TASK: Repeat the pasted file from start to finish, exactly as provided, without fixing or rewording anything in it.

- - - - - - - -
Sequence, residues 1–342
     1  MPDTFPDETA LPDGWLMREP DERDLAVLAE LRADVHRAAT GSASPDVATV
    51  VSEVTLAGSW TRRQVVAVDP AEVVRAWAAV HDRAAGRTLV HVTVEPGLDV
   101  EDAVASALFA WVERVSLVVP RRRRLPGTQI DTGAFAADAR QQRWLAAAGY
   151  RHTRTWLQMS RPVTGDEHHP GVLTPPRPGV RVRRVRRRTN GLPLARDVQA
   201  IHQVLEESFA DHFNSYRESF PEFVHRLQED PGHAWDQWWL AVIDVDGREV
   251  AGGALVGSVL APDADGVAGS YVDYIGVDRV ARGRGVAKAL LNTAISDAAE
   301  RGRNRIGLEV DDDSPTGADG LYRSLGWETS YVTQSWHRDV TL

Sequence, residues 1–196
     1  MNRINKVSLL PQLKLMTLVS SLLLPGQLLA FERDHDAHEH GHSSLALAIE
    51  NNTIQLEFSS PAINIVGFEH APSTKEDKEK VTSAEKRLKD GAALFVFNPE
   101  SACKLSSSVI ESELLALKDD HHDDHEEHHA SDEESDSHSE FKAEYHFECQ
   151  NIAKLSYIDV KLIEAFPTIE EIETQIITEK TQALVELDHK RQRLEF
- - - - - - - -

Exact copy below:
Sequence, residues 1–342
     1  MPDTFPDETA LPDGWLMREP DERDLAVLAE LRADVHRAAT GSASPDVATV
    51  VSEVTLAGSW TRRQVVAVDP AEVVRAWAAV HDRAAGRTLV HVTVEPGLDV
   101  EDAVASALFA WVERVSLVVP RRRRLPGTQI DTGAFAADAR QQRWLAAAGY
   151  RHTRTWLQMS RPVTGDEHHP GVLTPPRPGV RVRRVRRRTN GLPLARDVQA
   201  IHQVLEESFA DHFNSYRESF PEFVHRLQED PGHAWDQWWL AVIDVDGREV
   251  AGGALVGSVL APDADGVAGS YVDYIGVDRV ARGRGVAKAL LNTAISDAAE
   301  RGRNRIGLEV DDDSPTGADG LYRSLGWETS YVTQSWHRDV TL

Sequence, residues 1–196
     1  MNRINKVSLL PQLKLMTLVS SLLLPGQLLA FERDHDAHEH GHSSLALAIE
    51  NNTIQLEFSS PAINIVGFEH APSTKEDKEK VTSAEKRLKD GAALFVFNPE
   101  SACKLSSSVI ESELLALKDD HHDDHEEHHA SDEESDSHSE FKAEYHFECQ
   151  NIAKLSYIDV KLIEAFPTIE EIETQIITEK TQALVELDHK RQRLEF